16.3 No End in Sight. Union Victories in the West. Ulysses S. Grant was a successful general in the West. His strategy: Find out where your enemy is, get at him as soon as you can, strike at him as hard as you can, and keep moving on.
16.3 No End in Sight
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Ulysses S. Grant was a successful general in the West.
His strategy: Find out where your enemy is, get at him as soon as you can, strike at him as hard as you can, and keep moving on.
In Feb., 1862 Grant took control of Fort Donelson in northwestern Tennessee.
This was the first step in trying to cut off river transportation in the South.
Grant then went on to take Fort Henry, and finally Nashville.
The Battle of Shiloh
After Grant’s victories in Tennessee, Confederate leader Albert Sidney Johnston ordered a retreat to Corinth, Mississippi.
True to his word, Grant chased after Johnston.
On April 6, 1862, Johnston and his troops surprised Grant near Shiloh Church (Battle of Shiloh)
Johnston is killed in this battle.
During the night, Grant received a fresh supply of troops and he forced the Southern troops to retreat the next day.
Union casualties: 13,000
Confederate casualties: 11,000
Congress was distressed over the Union casualties and wanted Grant removed because of the high casualties, but Lincoln (commander in chief) was thrilled that he had finally found a general who would take the fight to the Rebels.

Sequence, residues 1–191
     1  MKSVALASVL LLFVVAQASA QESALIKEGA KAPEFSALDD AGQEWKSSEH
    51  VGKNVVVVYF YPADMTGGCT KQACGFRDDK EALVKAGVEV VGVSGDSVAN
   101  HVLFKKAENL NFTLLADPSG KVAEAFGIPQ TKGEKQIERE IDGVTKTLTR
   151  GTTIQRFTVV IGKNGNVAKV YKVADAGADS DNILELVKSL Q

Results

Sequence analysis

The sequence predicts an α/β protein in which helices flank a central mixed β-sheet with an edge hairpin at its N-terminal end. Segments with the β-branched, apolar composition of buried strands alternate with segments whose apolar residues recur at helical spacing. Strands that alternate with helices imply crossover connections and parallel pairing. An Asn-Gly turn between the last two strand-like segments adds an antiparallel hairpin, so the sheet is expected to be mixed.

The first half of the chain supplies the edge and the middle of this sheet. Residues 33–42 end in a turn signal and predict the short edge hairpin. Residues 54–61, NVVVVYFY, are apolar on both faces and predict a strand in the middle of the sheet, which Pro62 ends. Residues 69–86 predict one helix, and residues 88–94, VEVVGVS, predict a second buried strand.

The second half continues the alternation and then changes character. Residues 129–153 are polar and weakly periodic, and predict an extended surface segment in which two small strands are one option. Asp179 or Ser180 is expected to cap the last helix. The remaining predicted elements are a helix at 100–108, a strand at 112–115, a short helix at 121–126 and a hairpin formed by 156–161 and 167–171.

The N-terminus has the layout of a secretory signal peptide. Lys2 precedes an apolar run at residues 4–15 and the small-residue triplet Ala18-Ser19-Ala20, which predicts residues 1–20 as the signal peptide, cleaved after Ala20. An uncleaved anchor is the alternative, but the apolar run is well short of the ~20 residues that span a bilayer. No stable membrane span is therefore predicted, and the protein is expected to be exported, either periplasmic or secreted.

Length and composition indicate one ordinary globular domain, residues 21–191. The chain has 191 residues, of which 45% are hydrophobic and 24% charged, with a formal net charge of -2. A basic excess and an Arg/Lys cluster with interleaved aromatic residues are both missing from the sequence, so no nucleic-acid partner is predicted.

The Fall of New Orleans
On April 25, 1862, David Farragut captured New Orleans.
This was a problem for the South because it was one more step towards control of the Mississippi.
This left only 150 miles of the Mississippi that was controlled by the Confederacy.
The remaining obstacle to Union control was Vicksburg, Mississippi.
Lee Claims Victories in the East
In the spring of 1862, McClellan finally made a move to capture Richmond (this would be the second attempt).
McClellan succeeded in getting to within a few miles of the city.
One problem: in June, 1862, Robert E. Lee took charge of the Army of Northern Virginia and turned the tables on McClellan. This was known as the Seven Days’ Battles because the two fought for a week with the end result that
McClellan suffered fewer casualties, but he ran back out of Virginia and didn’t chase Lee down.
Lee Invades the North
Lee was feeling pretty confident with himself and so decided to attack the North.
He had good reasons:
1)the North was already dispirited about the disaster at Richmond
2)Lee hoped that a successful attack in the North would bring Lincoln to the bargaining table
3)taking the fight to northern soil would keep it off Virginia farmland where it was time to harvest crops
4)he was hoping it would be like the Battle of Saratoga and a solid win would encourage Europe to help out
After Lee left Maryland he drew up detailed battle plans for his northern invasion.
Somehow one of his officers accidentally left those plans wrapped around three cigars at a campsite and POOF!
When Union troops came through the area and happened across that very campsite, the plans were found!
This gave McClellan a golden opportunity that even he could not pass up.
September 17, 1862, the two armies met at the Battle of Antietam and Lee was forced to retreat back to Virginia.
25,000 (12,000 for the North)casualties in one battle.
Unlike Grant, McClellan did not pursue Lee and Lincoln was so disgusted with him that he removed him and replaced him with Grant.